Mr. Wilson. 32Much fault has been found with the mode of expression used in the first clause of the ninth section of the first article. I believe I can assign a reason why that mode of expression was used, and why the term slave was not directly admitted in this constitution:and as to the manner of laying taxes, this is not the first time that the subject has come into the view of the United States, and of the legislatures of the several States. The gentleman (Mr. Findley) will recollect, that in the present Congress, the quota of the federal debt and general expenses was to be in proportion to the value of LAND and other enumerated property within the States. After trying this for a number of years, it was found on all hands to be a mode that could not be carried into execution. Congress were satisfied of this, and in the year 1783 recommended, in conformity with the powers they possessed under the articles of confederation, that the quota should be according to the number of free people, including those bound to servitude, and excluding Indians not taxed. These were the very expressions used in 1783, and the fate of this recommendation was similar to all their other resolutions. It was not carried into effect, but it was adopted by no fewer than eleven out of thirteen States; and it cannot but be a matter of surprise to hear gentlemen who agreed to this very mode of expression at that time, come forward and state it as an objection on the present occasion. It was natural, Sir, for the late convention to adopt the mode after it had been agreed to by eleven States, and to use the expression which they found had been received as unexceptionable before. With respect to the clause restricting Congress from prohibiting the migration or importation of such persons as any of the States now existing shall think proper to admit, prior to the year 1808, the honorable gentleman says that this clause is not only dark, but intended to grant to Congress, for that time, the power to admit the importation of slaves. No such thing was intended; but I will tell you what was done, and it gives me high pleasure that so much was done. Under the present confederation, the States may admit the importation of slaves as long as they please; but by this article, after the year 1808, the Congress will have power to prohibit such importation, notwithstanding the disposition of any State to the contrary. I consider this as laying the foundation for banishing slavery out of this country; and though the period is more distant than I could wish, yet it will produce the same kind, gradual change which was pursued in Pennsylvania. It is with much satisfaction I view this power in the general government, whereby they may lay an interdiction on this reproachful trade. But an immediate advantage is also obtained, for a tax or duty may be imposed on such importation not exceeding ten dollars for each person; and this, Sir, operates as a partial prohibition. It was all that could be obtained. I am sorry it was no more; but from this I think there is reason to hope that yet a few years, and it will be prohibited altogether. And in the meantime, the new States which are to be formed will be under the control of Congress in this particular, and slaves will never be introduced amongst them. The gentleman says that it is unfortunate in another point of view: it means to prohibit the introduction of white people from Europe, as this tax may deter them from coming amongst us. A little impartiality and attention will discover the care that the convention took in selecting their language. The words are, the migration or IMPORTATION of such persons, etc., shall not be prohibited by Congress prior to the year 1808, but a tax or duty may be imposed on such IMPORTATION. It is observable here that the term migration is dropped when a tax or duty is mentioned, so that Congress have power to impose the tax only on those imported.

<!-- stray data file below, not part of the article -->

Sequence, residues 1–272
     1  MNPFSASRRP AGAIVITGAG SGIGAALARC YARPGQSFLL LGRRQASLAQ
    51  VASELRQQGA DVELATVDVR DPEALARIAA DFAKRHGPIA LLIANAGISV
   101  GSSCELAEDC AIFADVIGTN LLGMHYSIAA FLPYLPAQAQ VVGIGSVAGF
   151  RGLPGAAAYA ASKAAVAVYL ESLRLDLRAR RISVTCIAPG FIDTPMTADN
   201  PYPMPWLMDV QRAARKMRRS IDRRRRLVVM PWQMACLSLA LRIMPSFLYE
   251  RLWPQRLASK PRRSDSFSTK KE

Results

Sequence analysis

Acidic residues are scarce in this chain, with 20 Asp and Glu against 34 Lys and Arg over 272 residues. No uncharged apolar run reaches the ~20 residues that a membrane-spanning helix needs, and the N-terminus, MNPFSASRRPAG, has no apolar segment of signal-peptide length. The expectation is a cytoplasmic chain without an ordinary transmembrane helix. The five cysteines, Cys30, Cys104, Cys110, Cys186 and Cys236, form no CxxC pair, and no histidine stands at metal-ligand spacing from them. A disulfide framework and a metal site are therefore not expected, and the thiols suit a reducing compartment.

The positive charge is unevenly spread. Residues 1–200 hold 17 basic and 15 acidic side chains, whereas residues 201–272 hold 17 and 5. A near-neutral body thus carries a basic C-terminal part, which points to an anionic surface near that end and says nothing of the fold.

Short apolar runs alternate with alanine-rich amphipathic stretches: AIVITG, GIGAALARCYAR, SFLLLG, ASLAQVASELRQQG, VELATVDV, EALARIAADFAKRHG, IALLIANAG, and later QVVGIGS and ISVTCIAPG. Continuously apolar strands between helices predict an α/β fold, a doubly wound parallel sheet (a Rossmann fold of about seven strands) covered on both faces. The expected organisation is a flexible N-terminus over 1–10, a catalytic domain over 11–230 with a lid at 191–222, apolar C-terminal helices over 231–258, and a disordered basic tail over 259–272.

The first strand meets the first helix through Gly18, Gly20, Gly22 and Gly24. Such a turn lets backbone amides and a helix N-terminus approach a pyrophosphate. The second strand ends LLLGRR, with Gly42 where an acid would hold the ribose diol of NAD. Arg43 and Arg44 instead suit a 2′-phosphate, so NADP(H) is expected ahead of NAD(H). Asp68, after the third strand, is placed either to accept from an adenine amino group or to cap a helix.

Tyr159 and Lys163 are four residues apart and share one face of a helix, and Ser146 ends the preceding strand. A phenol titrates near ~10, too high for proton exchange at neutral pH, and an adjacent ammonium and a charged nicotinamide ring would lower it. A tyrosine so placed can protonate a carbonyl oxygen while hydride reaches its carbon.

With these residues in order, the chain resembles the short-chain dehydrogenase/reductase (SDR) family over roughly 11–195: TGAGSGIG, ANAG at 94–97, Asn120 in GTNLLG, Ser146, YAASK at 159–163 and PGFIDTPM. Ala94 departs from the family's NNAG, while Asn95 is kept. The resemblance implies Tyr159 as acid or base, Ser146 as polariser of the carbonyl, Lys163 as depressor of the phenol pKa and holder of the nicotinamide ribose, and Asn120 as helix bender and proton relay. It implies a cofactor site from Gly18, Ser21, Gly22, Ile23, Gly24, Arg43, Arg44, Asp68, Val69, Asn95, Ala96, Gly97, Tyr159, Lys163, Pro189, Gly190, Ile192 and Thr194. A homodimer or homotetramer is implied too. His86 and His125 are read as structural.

Tuesday December 4, 1787.